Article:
What you tweet tells so much more than your personality. It can also be a good indication of your heart health, one study reveals.
There already more than a million Twitter users all around the globe, making it one of the most influential social media platforms. In fact, some experts consider it as live TV since Internet users, whether they are officially on Twitter or not, can get real-time updates about any significant event in a matter of seconds.
It also doesn’t come as a surprise that researchers are using it as a tool for their work. In a brand-new study, however, the website has become the subject, especially in determining a person’s risk of cardiovascular disease.
A group of health experts at University of Pennsylvania pored over 135 million tweets for a year, between 2009 and 2010. These tweets were chosen randomly. They then took note of the messages users shared and compared data from Centers of Disease Control and Prevention (CDC). The researchers didn’t have any access to the personal medical records of these Twitter users.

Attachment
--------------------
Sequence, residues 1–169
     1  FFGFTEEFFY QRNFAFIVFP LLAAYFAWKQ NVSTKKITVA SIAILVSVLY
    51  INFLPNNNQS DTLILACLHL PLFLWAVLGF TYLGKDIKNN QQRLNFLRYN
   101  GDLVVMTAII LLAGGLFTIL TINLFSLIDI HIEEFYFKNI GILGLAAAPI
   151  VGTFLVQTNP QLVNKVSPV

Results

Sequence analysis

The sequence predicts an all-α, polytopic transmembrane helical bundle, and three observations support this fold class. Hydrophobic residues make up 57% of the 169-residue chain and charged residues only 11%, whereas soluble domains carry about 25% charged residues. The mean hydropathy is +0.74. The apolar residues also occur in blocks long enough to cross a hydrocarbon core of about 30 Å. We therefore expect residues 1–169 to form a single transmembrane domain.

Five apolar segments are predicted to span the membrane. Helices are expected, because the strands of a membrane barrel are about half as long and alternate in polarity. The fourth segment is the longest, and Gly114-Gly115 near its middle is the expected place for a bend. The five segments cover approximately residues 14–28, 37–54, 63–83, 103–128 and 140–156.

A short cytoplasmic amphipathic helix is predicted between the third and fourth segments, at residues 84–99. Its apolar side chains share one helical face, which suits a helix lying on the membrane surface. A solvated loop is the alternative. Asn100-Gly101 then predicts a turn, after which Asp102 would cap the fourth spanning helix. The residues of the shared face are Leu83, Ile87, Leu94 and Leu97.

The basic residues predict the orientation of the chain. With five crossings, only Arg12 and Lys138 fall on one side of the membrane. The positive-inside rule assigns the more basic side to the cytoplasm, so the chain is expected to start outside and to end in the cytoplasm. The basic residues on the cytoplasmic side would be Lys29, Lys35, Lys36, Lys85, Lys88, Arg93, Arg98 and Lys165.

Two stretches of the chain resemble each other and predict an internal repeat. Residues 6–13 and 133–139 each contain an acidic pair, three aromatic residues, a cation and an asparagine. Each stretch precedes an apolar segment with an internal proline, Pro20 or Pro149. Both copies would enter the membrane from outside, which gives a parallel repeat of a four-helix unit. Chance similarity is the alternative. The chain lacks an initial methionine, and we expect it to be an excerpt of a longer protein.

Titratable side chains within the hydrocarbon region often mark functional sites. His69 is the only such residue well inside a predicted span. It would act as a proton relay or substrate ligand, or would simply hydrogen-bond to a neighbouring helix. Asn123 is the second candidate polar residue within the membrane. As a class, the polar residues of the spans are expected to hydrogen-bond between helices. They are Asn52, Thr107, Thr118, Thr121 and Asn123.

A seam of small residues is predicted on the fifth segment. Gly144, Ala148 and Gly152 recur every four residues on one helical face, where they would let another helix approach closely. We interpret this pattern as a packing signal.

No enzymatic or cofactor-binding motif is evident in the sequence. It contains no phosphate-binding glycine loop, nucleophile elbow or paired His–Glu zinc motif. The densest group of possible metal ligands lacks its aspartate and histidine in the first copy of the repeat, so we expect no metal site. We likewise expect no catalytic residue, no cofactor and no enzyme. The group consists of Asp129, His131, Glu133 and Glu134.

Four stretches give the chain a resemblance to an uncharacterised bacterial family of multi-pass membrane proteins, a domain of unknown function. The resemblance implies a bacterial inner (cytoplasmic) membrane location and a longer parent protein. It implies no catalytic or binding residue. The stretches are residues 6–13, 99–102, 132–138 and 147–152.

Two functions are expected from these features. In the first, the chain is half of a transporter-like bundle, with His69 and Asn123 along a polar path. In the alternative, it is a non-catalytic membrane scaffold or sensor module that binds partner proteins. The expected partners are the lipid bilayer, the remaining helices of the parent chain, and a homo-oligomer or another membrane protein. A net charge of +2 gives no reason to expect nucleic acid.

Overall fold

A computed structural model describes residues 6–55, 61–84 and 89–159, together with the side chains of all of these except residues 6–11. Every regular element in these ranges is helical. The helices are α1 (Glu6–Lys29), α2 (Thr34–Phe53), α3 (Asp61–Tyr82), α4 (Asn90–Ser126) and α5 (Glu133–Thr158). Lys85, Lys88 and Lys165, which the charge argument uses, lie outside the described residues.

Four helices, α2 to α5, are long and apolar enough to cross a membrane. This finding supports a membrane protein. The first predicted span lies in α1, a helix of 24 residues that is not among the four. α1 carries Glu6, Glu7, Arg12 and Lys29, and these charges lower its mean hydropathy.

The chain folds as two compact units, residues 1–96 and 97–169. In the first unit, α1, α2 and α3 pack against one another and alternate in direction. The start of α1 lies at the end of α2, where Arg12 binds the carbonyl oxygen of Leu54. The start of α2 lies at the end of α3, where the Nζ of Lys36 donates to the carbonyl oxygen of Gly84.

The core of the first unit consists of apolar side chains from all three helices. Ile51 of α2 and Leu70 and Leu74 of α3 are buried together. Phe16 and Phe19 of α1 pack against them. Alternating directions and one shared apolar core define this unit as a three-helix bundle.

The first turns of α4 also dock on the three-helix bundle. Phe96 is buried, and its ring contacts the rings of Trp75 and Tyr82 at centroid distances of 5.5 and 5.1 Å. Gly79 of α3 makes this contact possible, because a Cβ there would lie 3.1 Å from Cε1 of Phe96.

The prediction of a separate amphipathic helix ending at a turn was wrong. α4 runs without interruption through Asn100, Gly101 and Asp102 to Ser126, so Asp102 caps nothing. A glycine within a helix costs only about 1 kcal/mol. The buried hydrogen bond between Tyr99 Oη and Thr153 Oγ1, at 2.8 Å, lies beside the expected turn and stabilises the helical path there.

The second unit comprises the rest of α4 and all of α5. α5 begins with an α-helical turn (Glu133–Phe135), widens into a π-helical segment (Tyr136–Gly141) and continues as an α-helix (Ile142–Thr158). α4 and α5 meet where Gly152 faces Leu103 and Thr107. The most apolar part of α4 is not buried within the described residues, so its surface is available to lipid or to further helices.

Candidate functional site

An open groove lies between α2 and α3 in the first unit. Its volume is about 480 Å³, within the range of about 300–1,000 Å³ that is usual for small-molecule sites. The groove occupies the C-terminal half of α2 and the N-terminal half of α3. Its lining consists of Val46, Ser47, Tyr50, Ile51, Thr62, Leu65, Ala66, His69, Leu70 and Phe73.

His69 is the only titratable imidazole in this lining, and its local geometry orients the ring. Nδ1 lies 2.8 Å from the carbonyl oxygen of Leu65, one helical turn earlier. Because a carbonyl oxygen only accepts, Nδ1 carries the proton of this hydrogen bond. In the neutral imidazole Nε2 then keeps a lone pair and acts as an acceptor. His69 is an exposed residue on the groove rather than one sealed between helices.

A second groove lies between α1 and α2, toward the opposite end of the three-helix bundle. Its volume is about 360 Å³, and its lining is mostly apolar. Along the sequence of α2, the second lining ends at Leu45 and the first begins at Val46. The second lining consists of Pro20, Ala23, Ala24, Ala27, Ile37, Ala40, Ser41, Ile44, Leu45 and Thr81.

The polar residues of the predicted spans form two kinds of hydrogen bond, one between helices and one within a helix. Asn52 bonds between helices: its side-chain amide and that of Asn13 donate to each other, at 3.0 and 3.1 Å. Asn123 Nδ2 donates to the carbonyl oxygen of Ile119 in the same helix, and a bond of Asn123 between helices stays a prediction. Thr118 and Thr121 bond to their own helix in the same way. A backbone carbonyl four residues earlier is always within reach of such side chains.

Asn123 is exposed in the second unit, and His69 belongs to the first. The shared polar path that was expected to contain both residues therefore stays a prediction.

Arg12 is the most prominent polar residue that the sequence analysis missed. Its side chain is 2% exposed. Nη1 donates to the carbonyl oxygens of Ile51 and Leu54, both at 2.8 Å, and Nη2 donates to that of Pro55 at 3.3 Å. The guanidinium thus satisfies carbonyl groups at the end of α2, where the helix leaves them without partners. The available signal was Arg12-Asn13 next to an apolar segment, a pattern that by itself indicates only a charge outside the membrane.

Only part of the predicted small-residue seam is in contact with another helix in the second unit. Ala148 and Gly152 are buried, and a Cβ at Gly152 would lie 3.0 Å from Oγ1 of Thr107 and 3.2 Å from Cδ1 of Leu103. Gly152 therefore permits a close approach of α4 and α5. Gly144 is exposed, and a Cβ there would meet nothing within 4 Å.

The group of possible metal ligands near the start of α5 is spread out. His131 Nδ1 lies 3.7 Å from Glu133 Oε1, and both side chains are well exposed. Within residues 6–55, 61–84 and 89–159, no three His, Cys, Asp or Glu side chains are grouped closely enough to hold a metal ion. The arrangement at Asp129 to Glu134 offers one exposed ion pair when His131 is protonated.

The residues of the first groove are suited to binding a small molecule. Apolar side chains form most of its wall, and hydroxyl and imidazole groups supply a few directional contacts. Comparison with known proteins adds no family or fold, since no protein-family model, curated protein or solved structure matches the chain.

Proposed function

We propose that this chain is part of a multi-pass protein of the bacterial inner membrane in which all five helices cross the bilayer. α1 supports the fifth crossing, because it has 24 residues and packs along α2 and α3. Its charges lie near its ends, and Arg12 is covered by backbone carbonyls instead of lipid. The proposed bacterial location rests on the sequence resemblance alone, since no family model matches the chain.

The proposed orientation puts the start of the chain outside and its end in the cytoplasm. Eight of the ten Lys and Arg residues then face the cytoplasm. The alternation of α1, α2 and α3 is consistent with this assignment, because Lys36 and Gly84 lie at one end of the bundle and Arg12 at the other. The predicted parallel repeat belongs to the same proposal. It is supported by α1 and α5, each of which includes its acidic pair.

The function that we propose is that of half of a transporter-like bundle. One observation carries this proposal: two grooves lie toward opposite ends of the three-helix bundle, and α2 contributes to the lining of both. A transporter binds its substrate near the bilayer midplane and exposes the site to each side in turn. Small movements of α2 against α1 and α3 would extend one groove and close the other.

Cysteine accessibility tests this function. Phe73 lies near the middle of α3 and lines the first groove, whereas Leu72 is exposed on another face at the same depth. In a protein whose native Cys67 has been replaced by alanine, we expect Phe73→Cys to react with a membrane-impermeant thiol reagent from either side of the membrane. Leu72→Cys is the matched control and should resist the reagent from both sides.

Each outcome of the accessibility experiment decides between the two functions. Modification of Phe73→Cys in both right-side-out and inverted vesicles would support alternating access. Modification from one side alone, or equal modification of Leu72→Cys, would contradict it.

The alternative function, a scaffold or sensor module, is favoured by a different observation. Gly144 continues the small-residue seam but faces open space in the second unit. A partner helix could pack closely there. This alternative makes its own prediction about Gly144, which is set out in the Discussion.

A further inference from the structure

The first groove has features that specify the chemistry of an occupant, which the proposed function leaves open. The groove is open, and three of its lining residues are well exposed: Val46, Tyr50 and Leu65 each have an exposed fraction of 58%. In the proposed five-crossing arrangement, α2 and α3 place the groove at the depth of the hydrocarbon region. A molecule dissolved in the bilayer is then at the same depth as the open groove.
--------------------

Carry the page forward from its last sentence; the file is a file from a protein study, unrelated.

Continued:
Upon analysis, they found out that there’s a correlation between mortality rates and the sources (place of origin) of these tweets.
According to Johannes Eichstaedt, the lead researcher and a PhD student in the university, places whose residents often post Twitter messages associated with fatigue, hospitalization, and hatred are more likely to experience a higher mortality rate, especially due to a cardiovascular problem.
Conversely, places whose people tend to have a more positive outlook, based on their tweets, may experience a lower death rate due to cardiovascular disease.
Many factors can affect a person’s risk level to cardiovascular disease. For example, it’s more common among older people and that men are more susceptible to it than women.
However, a person’s emotion, particularly negative, can also has an impact to overall cardiovascular health.